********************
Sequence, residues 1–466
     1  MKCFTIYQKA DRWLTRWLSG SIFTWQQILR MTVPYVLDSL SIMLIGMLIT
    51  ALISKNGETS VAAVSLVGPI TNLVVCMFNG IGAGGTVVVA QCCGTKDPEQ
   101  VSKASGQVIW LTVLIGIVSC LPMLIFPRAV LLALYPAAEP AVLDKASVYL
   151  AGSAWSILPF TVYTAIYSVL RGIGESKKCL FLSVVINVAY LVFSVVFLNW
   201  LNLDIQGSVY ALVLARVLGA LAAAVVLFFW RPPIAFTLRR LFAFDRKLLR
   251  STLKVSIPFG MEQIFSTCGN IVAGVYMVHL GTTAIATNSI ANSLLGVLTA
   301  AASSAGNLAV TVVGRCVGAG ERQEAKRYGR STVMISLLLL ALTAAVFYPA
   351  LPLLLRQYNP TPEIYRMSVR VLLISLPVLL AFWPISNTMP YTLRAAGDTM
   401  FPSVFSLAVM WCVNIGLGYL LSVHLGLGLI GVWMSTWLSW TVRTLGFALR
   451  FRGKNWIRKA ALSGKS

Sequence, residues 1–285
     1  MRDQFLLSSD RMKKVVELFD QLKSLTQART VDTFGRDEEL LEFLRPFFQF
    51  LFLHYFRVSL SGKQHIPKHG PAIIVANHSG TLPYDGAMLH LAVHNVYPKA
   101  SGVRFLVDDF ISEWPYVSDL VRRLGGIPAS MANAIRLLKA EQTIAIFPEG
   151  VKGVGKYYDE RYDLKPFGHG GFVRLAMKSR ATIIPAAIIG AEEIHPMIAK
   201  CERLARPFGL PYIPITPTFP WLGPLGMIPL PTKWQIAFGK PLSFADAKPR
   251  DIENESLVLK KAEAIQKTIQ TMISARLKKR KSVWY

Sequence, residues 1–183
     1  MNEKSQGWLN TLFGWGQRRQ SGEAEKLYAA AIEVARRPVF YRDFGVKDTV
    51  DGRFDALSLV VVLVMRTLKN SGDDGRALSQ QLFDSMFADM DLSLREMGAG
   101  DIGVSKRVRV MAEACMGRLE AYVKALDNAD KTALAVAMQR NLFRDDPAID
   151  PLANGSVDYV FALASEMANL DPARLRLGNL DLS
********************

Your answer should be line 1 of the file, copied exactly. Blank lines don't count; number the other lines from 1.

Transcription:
Sequence, residues 1–466